On 1 July, Hong Kong entered a new era under Carrie Lam Cheng Yuet-ngor (林鄭月娥), who will lead a new cabinet for the next fi ve years. Most of the ministers are familiar faces, whom Lam described as “passionate, capable and committed”. What challenges will these government face?
The cabinet at a glance
The new government must work as a team to build a harmonious and flourishing society and fulfil the public’s expectations. But some citizens are sceptical of Carrie Lam and her team and need some convincing first.
WHEN Carrie Lam Cheng Yuet-ngor was elected to be Hong Kong’s fourth chief executive in March, many citizens had had high hopes that the city could change for the better.
As the chief executive – the head of the Hong Kong SAR – Lam holds the ultimate responsibility of ensuring the policies are sound and accountable. On behalf of the government, she also acts as a bridge between Hong Kong and other governments, including mainland China, to discuss and cooperate on regional and international affairs. From 2017 till 2022, Lam will work with a team of professional and veteran top officials – a cabinet that is commonly referred to as ‘Three Secretariats and 13 Bureaus’ (三司十三局) – to carry out her work and administration.
Apart from these general duties, Lam also needs to tackle current situations and predict future challenges in Hong Kong, ranging from constitutional matters to housing and educational affairs. More importantly, she has to restore citizens’ confidence in the government.
Constitution – Hong Kong-Mainland conflicts
– Curbing the advocacy of Hong Kong independence
• Many localists have put forward the idea of Hong Kong independence in recent years
• In July, President Xi Jinping (習近平) insisted on keeping the principle of ‘one country, two systems’ and objected to any talk of Hong Kong independence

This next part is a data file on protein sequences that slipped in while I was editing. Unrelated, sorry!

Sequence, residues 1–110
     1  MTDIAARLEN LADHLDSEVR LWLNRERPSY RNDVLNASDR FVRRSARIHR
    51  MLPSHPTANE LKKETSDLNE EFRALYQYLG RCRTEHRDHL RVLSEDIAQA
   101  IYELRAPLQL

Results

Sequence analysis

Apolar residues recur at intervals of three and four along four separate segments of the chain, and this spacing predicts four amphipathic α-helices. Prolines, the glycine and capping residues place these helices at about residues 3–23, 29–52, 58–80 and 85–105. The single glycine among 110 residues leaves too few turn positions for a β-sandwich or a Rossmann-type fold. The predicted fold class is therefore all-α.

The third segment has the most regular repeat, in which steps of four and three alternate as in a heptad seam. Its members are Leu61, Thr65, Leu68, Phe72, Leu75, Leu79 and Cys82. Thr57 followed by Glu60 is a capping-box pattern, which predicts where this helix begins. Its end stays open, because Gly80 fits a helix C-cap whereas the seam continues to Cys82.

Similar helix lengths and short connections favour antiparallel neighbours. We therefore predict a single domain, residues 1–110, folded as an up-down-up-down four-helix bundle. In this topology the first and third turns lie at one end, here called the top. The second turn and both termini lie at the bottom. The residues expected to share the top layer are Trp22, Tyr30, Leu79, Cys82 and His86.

– Putting the controversial Article 23 of Basic Law into practise
• As required by the Basic Law, Hong Kong must enact every article
• In 2003, half a million locals took to the streets, making the government scrap the plan to enact Article 23
Housing – Expensive houses
– Increasing housing supply, especially for the local firsttime homebuyers, by developing more land in the New Territories, etc
• Hong Kong has been ranked as the least affordable city to live in for seven years
• According to the property industry, the price of an
average flat in housing estates increased to over HK$11,300 per square foot earlier this year. Mini flats in a new private housing estate even sold for HK$3.3 million – HK$18,000 per square foot
Education – Reducing students’ stress
– Abolishing the Territory-wide System Assessment (TSA)
• Last year, stressed parents and students took to the streets to protest against the high-pressure drilling for TSA
• Later, Eddie Ng (吳克儉), the former Secretary for Education, proposed the Basic Competency Assessment (BCA) to replace the TSA this May.
Opposition from TSA concern groups persisted
• After Lam’s election, she pledged to cancel the TSA and introduce the BCA
– Increasing the education budget by HK$5 billion more every year
– Including national education in schools
Forming a cabinet
NO single person can shoulder every burden. Thus, from 2017 till 2022, Lam will work with a team of experienced top officials
– a cabinet that is commonly referred as ‘Three Secretariats and 13 Bureaus’ (三司十三局) – to make policy decisions in her administration.
1. Carrie Lam Cheng Yuet-ngor 林鄭月娥, Chief Executive 行政長官
2. Matthew Cheung Kin-chung 張建宗,Chief Secretary for Administration 政務司司長
3. Paul Chan Mo-po陳茂波, Financial Secretary 財政司司長
4. Rimsky Yuen Kwok-keung 袁國強, Secretary for Justice 律政司司長
5. Patrick Nip Tak-kuen 聶德權, Secretary for Constitutional and Mainland Affairs 政制及內地事務局局長
6. Joshua Law Chi-kong羅智光, Secretary for the Civil Service 公務員事務局局長
7. Kevin Yeung Yun-hung 楊潤雄, Secretary for Education 教育局局長
8. Wong Kam-sing黃錦星, Secretary for the Environment 環境局局長
9. Lau Kong-wah 劉江華,Secretary for Home Affairs 民政事務局局長
10. Law Chi-kwong 羅致光, Secretary for Labour and Welfare 勞工及福利局局長
11. John Lee Ka-chiu 李家超, Secretary for Security 保安局局長
12. Nicholas Yang Wei-hsiung 楊偉雄, Secretary for Innovation and Technology 創新及科技局局長
13. Sophia Chan Siu-chee陳肇始, Secretary for Food and Health 食物及衛生局局長
14. Michael Wong Wai-lun 黃偉綸, Secretary for Development 發展局局長
15. James Lau劉怡翔, Secretary for Financial Services and the Treasury 財經事務及庫務局局長
16. Edward Yau Tang-wah 邱騰華,Secretary for Commerce and Economic Development 商務及經濟發展局局長
18. Frank Chan Fan 陳帆, Secretary for Transport and Housing 運輸及房屋局局長